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A quest for the perfect undershirt led to booming sales for Jumper Threads

Brandery startup's Jump Pants are also a hit
Posted: 8:00 AM, Aug 30, 2017
Updated: 2017-09-03 12:39:33Z

This is the third in a seven-part series introducing the new class of The Brandery , an Over-the-Rhine seed-stage startup accelerator. Each day this week, we'll focus on one startup or business selected to participate in this year's program. Today: Jumper Threads

CINCINNATI -- Daniel Redlinger started Jumper Threads, one of seven new startups in Over-the-Rhine business accelerator The Brandery, as a quest to find an undershirt that would stay tucked in.

It was a personal problem that annoyed him, and he couldn't find a solution. He couldn't find one that wasn't made from cotton and wasn't cheaply made, no matter the brand.

As a hobby, he started Jumper Threads at the end of 2015 to make that perfect undershirt. He picked that name as a tribute to his days as a paratrooper and Army Ranger.

Making clothing wasn't exactly his area of expertise. He has spent most of the last 16 years helping businesses and commercial real-estate owners acquire capital. In 2007, he founded Hyde Park Commercial Group, a company that does just that.

He did have one advantage in the apparel business: A brother-in-law named Andrew Mallett. Eleven years ago, while in college, Mallett started his own ski and snowboarding apparel company, Saga Outerwear , which he still runs.

Mallett became a minority partner in Jumper Threads, and helped Redlinger get his ideas made into real clothing. Their first product was, of course, an undershirt, which retails for $25. It's made primarily from modal, a fiber made by spinning reconstituted cellulose from beech trees.

In 2016, Jumper Threads launched a second product, Jump Pants, made from French terrycloth. They feature a crotch vent called a gusset and retail for $68.

The company pre-sold them at Kickstarter.com, with the goal of raising $20,000. They ended up raising $135,000 from 1,306 backers . Four hundred backers were from other countries, including Norway and Dubai, Redlinger said.

In the 20 months the company's been in business, it's made about $250,000 in total sales, Redlinger said. It's currently sold out of Jump Pants, and plans to restock in September.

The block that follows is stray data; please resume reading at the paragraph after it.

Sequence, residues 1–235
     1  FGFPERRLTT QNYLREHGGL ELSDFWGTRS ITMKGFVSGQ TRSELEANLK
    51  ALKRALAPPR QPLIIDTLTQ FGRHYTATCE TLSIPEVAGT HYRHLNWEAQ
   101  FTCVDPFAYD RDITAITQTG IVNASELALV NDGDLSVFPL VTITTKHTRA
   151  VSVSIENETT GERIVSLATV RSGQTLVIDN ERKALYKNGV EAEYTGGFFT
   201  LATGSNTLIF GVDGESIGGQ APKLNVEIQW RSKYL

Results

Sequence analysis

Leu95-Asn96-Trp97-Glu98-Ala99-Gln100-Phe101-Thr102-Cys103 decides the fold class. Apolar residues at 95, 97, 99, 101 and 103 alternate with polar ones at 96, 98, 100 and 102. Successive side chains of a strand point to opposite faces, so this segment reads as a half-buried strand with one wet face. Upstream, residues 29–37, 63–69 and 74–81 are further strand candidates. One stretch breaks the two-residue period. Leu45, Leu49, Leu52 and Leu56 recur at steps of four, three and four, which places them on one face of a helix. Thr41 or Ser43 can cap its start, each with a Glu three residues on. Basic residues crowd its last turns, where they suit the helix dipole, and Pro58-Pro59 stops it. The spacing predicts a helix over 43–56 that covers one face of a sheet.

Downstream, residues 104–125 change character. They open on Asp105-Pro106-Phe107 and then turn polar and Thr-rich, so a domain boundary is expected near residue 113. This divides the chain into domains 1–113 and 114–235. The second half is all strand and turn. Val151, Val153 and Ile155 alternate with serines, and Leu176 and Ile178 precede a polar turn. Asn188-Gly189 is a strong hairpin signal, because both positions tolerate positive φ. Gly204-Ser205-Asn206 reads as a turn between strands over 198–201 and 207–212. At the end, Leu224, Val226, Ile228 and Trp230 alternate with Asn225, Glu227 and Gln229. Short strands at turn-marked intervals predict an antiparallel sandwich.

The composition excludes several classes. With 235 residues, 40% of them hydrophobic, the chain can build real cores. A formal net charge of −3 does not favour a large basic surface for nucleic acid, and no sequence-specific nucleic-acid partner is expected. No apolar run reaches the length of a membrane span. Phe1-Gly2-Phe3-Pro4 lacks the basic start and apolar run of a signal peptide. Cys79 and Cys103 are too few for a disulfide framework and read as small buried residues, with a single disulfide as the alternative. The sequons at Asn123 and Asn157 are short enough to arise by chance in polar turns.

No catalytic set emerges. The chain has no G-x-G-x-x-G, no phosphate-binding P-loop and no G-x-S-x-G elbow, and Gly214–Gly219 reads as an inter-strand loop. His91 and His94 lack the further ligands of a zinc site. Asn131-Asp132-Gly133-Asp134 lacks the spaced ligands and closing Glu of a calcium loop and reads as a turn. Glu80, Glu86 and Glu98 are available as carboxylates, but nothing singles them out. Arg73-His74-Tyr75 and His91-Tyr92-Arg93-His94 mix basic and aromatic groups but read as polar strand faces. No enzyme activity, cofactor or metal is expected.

The company buys its raw materials mostly in Asia, Redlinger said, but runs the business from The Brandery. It's still a small operation consisting of the founders, an intern and a fulfillment/customer service person.

But the company has become part of a growing apparel segment among local startups.

"You don't need to be in New York or LA to find a designer or manufacturer that will help your ideas come to life," Redlinger previously told WCPO.com. "The internet and gig economy has leveled the playing field with respect to access to resources."

Jumper Threads is working on three new products that Redlinger hopes to launch before the end of the year:

  • Underwear made from peppermint leaf;
  • Socks that look like dress socks but perform like running socks, so you don't have to change them when you go to the gym after work;
  • A lightweight, stretchable, water-resistant jacket.

The company plans to hold another Kickstarter campaign, this time to pre-sell jacket orders, at the end of September.

Redlinger has learned that compared to other businesses, everything takes longer in the clothing business. There are more moving targets, sourcing materials can be difficult and shipping products from manufacturers overseas is expensive.

But he gets much satisfaction, he said, out of taking something he's sketched on paper into a physical product.

The biggest challenge in the clothing industry is sustaining sales, Mallett said, and it's no different for Jumper Threads. But the company gets an edge from its large following.

"We are developing a community," he said. "There are now tens of thousands of people who actively follow and engage with Jumper on a daily basis, through social media and email.

"It's a product that excites people and makes them feel better," he said.